The attempt to deliberately silence Malala is not only evident in the way the U.S. corporate media ignores her criticism of U.S. drones; even more insidious is its complete disregard for the Nobel Peace Prize laureate’s politics. In March 2013, Malala sent this message to the congress of Pakistani Marxists:

First of all, I’d like to thank The Struggle and the IMT [International Marxist Tendency] for giving me a chance to speak last year at their Summer Marxist School in Swat and also for introducing me to Marxism and Socialism. I just want to say that in terms of education, as well as other problems in Pakistan, it is high time that we did something to tackle them ourselves. It’s important to take the initiative. We cannot wait around for any one else to come and do it. Why are we waiting for someone else to come and fix things? Why aren’t we doing it ourselves?

I would like to send my heartfelt greetings to the congress. I am convinced Socialism is the only answer and I urge all comrades to take this struggle to a victorious conclusion. Only this will free us from the chains of bigotry and exploitation.

This is the Malala the Western corporate media doesn’t like to quote. This is the Malala whose politics do not fit neatly into the neocolonialist, cookie-cutter frame of presentation. This is the Malala who recognizes that true liberation will take more than just education, that it will take the establishment of not just bourgeois political “democracy,” but ofeconomic democracy, of socialism.

When the courageous activist speaks of the importance of education and nonviolence, the West shouts her words loudly from the media mountaintops. When that same activist criticizes predator drones and, that most sacrosanct entity of all, capitalism, the silence is deafening.

Only the distinctive buzzing of U.S. killer drones can be heard, watching and bombing overhead, protecting empire and “freedom.”

Source

Awesome Chris Crass workshop today on “Building a Movement for Collective Liberation: Anti-Racist, Multi-Racial Coalition Building for Just, Sustainable & Democratic Society!”

"[When I first began to understand racism and white supremacy, I hated all white people.] Now I want to love them all enough to see them be free.”

White supremacy is endemic and it’s painful. But white people need to learn to have those conversations in order to dismantle the oppression they’ve been conditioned into and have privileged from. While we need to learn from the first-hand experiences of those that are oppressed, it is not their responsibility to teach us everything. It is up to all of us to confront head-on these systems - within ourselves and within our communities - to achieve a collective liberation.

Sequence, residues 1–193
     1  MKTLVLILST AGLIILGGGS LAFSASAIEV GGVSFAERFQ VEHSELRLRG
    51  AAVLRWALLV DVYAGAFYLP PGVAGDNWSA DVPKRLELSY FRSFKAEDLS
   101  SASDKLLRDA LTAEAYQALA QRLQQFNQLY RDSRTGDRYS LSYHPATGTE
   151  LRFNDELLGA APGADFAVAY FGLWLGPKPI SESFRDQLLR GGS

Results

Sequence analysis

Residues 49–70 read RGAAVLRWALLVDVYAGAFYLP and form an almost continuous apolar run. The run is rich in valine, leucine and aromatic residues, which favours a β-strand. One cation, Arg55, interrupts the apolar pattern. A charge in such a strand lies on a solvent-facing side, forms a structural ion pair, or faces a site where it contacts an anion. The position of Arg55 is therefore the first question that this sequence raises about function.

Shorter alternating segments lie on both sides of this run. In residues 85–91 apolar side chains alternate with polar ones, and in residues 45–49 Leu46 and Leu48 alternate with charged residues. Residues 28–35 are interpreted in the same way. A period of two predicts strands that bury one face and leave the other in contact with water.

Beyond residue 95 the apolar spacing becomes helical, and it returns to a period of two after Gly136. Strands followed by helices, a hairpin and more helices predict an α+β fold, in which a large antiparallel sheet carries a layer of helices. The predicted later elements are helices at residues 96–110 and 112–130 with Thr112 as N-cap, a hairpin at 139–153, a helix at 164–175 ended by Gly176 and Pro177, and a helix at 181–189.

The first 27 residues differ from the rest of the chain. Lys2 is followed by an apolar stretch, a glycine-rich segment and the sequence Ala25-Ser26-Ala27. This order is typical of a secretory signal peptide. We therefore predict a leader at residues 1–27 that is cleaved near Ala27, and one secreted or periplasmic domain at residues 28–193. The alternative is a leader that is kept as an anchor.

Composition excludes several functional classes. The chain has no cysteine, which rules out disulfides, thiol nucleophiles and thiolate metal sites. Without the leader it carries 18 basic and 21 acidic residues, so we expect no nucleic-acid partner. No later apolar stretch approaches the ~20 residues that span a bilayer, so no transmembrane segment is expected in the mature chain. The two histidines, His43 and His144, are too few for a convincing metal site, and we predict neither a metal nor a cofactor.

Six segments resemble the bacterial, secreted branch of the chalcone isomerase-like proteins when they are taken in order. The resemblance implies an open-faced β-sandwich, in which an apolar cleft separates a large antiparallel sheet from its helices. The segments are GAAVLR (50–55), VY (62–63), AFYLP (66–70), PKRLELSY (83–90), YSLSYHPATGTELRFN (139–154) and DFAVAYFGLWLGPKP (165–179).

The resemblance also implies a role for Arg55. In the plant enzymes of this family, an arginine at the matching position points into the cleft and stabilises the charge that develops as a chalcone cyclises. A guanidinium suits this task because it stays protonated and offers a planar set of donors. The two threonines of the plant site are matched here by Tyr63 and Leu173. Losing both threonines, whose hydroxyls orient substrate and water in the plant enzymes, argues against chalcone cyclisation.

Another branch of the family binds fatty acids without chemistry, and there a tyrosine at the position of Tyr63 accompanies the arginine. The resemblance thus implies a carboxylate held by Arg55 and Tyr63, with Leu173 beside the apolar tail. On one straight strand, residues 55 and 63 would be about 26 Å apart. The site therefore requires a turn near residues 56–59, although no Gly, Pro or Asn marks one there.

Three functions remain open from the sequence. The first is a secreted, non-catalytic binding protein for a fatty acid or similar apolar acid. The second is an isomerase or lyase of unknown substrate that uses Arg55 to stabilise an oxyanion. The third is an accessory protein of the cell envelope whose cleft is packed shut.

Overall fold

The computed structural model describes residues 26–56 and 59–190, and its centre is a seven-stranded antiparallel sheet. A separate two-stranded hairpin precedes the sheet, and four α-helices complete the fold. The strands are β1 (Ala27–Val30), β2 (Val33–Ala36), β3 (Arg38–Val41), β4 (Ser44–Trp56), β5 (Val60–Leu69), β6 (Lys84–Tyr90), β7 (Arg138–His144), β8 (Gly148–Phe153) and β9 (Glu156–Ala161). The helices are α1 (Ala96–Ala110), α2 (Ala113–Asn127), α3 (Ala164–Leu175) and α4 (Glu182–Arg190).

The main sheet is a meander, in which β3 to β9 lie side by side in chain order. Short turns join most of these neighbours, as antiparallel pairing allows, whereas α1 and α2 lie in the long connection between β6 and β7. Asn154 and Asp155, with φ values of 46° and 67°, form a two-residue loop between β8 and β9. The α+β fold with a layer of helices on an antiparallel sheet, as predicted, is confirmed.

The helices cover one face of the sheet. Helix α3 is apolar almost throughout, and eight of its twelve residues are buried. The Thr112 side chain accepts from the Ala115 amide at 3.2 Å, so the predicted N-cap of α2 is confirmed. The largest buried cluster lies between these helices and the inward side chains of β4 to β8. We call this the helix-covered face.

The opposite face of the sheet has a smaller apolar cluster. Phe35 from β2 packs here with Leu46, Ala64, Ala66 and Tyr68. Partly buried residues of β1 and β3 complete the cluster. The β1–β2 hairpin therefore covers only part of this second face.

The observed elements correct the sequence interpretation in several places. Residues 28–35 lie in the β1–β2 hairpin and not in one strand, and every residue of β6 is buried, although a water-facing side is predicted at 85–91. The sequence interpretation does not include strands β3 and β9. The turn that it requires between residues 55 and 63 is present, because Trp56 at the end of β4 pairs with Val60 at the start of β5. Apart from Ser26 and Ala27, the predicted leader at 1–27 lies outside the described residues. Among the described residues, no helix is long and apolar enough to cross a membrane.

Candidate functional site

in solidarity:

Anonymous said: I had always assumed I was Latina because of the way I look and where my ancestors are from. I have now come to understand that being Latin@ is not a race, it's a culture - a culture I am not. Sure, all my great-great-great-grandparents were born in Mexico, but after that some of them were born here in America and the began to 'assimilate'. My family is now completely devoid of any Latin American influence. But just because I've realized I am not Latina, doesn't make me suddenly white. (1/2)

wocinsolidarity:

(2/2) I have brown skin and my features are nowhere near European. No one has ever accused me of being white and I have gotten enough racist comments and slurs thrown my way. So I guess what I want to know is, is there anyone else who has an understanding of what I am going through? Did anyone else ever find an identity or do Latin@ families that ‘assimilate’ just don’t get an ID? I don’t want you to tell me what I am. I just don’t want to be nothing.

I feel like there’s a lot to unpack here, so followers, add whatever you think I’ve missed.

First, you’re right. Latinx is not a race. You can be a Black Latinx, white Latinx, Indigenous Latinx, Asian Latinx, multiracial Latinx…

Latinx is more aptly categorized like an ethnicity. It’s literally that you and your family have roots in Latin America. And a central part of ethnicity are those cultural ties - but just because your family is assimilated does NOT make you any less Latina! I think what I’m seeing here is that you’re equating your Latinidad just to aspects like traditions, languages, holidays, foods, etc. on a national, communal, and familial level. And those are super important things right, they tie us to our roots. But just because you’ve lost some of those things (aka, U.S. white supremacy has stolen them from you) doesn’t mean your Latina card has been revoked.